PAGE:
To protect his flock in this uncertain era, the Dalai Lama has cleaved what had been indivisible since 1642: the entwined spiritual and secular duties of his post. In March the Dalai Lama announced his political retirement to a tearful parliament in Dharamsala. The next month Sangay, a Harvard Law School graduate who wrote his doctoral thesis on the Tibetan government-in-exile, was elected the new Kalon Tripa. The People's Daily, China's mouthpiece, said Sangay was a "terrorist poised to rule."
Read "Dalai Lama to Relinquish Political Role."
Old Conflict, New Anger
For years now, the Dalai Lama has stressed that he wants only genuine autonomy for Tibet, not outright independence — an approach he calls "the middle way." Years of negotiations between Beijing and Dharamsala have yielded no common ground. I have never met a Tibetan who expresses anything other than adoration for the Dalai Lama as a spiritual leader. Nevertheless, an increasing number of Tibetans see his efforts at peaceful compromise with China as ineffectual and even counterproductive. A Lhasa businessman I cannot name says something close to heresy for ears attuned to praise of the Dalai Lama's every utterance: "His Holiness does not live in Lhasa; he does not understand. Negotiations will never work. China will never give us freedom unless we rise up."
Anger and frustration boiled over in 2008 when demonstrations culminated in deadly clashes between Tibetans and Han migrants and a bloody crackdown by Chinese security forces. Since the unrest, hundreds of Tibetans have been jailed, and Chinese troops roam the region. Tension remains high. Hardly a month goes by without some dissent in an isolated monastery or encampment. (See TIME's 10 Questions for the Dalai Lama.")
On Sept. 26 two teenage monks from an ethnically Tibetan part of Sichuan lit themselves on fire to protest Chinese religious restrictions. It wasn't the first time. Next to the Dalai Lama's monastery in Dharamsala stands a slender black obelisk called the Tibetan National Martyrs' Memorial. Recently, the base of the memorial was plastered with pictures of Tsewang Norbu, a burly monk wearing sunglasses. On Aug. 15 the 29-year-old, also from Sichuan, set himself on fire. As he burned to death, Norbu shouted slogans calling for freedom in Tibet.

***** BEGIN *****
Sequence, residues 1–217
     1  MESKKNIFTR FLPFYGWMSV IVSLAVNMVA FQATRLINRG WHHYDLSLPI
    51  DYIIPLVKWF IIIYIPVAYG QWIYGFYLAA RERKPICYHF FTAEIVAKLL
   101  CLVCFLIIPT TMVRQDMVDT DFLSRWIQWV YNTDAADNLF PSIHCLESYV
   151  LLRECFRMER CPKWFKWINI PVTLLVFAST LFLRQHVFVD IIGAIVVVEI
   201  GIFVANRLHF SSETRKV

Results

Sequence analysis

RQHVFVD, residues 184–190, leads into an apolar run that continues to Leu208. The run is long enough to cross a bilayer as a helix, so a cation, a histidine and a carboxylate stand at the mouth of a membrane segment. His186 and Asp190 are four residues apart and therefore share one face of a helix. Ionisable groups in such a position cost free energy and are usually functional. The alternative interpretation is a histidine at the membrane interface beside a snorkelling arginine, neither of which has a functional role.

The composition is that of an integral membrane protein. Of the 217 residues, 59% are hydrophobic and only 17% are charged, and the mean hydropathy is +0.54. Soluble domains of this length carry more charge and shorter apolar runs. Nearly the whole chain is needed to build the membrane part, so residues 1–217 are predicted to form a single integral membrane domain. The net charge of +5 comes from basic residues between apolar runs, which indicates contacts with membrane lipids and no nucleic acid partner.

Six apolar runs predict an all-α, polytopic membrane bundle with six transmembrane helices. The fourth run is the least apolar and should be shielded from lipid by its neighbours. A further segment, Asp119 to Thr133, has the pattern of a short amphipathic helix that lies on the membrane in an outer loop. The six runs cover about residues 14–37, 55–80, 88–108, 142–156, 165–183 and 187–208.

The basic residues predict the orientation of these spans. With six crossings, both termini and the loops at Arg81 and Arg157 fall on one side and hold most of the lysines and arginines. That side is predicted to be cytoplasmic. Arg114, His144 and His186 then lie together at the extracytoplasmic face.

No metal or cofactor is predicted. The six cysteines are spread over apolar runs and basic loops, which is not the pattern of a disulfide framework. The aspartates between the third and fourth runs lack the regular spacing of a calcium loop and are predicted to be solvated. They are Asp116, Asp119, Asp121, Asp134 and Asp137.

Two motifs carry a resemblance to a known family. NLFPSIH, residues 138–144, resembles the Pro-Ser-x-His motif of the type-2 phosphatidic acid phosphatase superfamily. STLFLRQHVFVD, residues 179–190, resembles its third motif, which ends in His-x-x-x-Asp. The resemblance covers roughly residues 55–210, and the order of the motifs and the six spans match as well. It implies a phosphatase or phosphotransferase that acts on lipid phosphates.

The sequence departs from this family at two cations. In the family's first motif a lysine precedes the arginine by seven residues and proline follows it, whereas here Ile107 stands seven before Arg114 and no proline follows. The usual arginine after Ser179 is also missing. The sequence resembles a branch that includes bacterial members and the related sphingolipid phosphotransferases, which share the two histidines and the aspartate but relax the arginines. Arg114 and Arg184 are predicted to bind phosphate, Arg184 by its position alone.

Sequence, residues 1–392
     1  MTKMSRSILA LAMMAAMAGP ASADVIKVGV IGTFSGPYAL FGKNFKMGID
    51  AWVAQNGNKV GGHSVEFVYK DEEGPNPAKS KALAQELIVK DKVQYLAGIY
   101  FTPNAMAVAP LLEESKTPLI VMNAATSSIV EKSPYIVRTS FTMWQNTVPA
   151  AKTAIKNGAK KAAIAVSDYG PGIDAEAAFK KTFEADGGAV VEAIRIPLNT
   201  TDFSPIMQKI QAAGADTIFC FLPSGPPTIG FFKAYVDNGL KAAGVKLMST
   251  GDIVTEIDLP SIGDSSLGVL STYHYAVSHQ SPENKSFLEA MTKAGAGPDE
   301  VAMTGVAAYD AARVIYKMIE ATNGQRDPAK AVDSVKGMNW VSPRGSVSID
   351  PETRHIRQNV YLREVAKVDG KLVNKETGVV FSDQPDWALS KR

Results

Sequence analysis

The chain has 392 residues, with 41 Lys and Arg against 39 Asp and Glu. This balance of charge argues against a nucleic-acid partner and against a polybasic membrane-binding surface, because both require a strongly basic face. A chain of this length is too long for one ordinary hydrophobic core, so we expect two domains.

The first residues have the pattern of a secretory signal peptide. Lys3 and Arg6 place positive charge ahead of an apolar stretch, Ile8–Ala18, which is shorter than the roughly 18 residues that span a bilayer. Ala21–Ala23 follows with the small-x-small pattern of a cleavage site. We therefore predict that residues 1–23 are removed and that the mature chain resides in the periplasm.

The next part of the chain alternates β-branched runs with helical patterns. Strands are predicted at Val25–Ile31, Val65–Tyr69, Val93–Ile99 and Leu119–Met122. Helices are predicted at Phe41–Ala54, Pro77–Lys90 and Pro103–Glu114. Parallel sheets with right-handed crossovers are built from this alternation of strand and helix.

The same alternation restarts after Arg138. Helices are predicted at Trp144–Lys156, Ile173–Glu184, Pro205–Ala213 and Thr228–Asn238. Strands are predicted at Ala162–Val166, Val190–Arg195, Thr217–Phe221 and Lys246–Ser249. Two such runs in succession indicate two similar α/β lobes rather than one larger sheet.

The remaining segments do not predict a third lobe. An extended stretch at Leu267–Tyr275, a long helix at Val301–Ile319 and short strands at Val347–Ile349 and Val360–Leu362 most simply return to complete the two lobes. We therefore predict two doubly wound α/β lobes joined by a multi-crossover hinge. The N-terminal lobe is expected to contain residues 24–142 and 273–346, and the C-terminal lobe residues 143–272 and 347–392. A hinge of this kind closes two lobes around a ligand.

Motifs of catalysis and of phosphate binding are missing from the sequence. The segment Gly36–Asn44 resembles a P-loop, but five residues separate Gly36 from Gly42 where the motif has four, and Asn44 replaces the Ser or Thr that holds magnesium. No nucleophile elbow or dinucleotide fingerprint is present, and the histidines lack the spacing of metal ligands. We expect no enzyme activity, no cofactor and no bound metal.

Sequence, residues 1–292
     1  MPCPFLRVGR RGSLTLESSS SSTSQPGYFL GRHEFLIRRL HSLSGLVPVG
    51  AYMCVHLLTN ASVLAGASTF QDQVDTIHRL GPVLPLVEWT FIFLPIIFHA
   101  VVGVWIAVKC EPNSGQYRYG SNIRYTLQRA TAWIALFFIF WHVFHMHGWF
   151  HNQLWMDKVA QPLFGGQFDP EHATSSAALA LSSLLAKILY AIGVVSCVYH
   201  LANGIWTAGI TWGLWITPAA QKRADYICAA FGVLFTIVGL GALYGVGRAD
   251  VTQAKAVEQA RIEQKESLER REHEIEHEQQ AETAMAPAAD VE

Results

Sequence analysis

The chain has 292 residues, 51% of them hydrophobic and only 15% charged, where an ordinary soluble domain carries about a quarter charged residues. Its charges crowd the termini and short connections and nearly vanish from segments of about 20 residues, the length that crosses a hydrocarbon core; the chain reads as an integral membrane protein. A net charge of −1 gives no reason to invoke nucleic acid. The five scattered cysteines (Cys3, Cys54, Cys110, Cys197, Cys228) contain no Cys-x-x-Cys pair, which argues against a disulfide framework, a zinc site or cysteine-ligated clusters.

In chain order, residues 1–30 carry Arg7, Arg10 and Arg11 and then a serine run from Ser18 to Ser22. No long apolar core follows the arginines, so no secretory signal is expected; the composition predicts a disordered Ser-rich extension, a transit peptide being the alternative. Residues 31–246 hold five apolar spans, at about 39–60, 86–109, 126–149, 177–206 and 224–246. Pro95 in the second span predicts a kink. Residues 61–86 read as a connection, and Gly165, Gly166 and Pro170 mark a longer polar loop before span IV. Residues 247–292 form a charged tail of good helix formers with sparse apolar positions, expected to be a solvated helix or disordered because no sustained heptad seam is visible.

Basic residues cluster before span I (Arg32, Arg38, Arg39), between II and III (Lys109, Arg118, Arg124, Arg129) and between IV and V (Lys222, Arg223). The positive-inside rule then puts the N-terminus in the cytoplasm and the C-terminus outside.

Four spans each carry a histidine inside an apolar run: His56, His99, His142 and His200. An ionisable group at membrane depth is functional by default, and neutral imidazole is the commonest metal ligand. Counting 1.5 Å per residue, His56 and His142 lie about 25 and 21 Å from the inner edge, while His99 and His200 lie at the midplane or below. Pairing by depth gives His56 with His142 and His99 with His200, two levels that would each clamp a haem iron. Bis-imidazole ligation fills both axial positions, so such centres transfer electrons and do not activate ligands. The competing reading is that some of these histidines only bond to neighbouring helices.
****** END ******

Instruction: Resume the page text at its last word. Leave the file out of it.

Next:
The self-immolation, at least the fourth this year by a Tibetan monk in Sichuan, might seem a contradiction. Life has improved economically in these far-flung lands, whose major export prior to the communist takeover was yak tails used in the U.S. for Santa Claus beards. Some of the newly arrived Tibetans I meet in Dharamsala acknowledge that the living conditions back home were better than in this ramshackle Indian hill station, with its rutted paths and dreadlocked tourists. Even the climate takes getting used to for these high-altitude people: yak-butter sculptures, sacred Tibetan offerings, melt in Dharamsala's heat.
Yet each year hundreds of Tibetans brave arrest or frostbite to cross the Himalayas into exile. In Tibet today, celebrating the Dalai Lama's birthday or downloading a picture of him invites imprisonment. Tibetan students have to attend patriotic-education sessions, and Tibetan civil servants cannot publicly practice their faith. After all these years, communist-ruled Tibet has never had a Tibetan party secretary, the top local post. "The idea of the middle way is fantastic, but given the current Chinese government, there's no way it will work," says Tenpa Dhargyal, a 30-year-old Tibetan who was jailed twice in China for his pro-Tibetan activities and later escaped to Dharamsala. "When I came out of jail the first time in 2006, people wondered why I wasted my life on this struggle. But when I came out the second time in 2008, young Tibetans' attitudes had changed. They understand we must all fight together." (See the top 10 aspiring nations.)
The Dalai Lama's commitment to peaceful resistance places the Tibetan movement on moral high ground and gives it international appeal. Now young Tibetans who were born in exile congregate in cafés in Dharamsala to discuss the revolutions unfolding in the Middle East and North Africa. There is much parsing of how South Sudan and East Timor achieved nationhood. "Until independence happened in these places, people would say, 'Oh, freedom is impossible,'" says Tenzin Jigdal, program director for Students for a Free Tibet. "But it happened because people gave their lives to the struggle. Our resistance has remained largely nonviolent, but there is no way we can make judgments on Tibetans inside Tibet because they're the ones facing Chinese repression."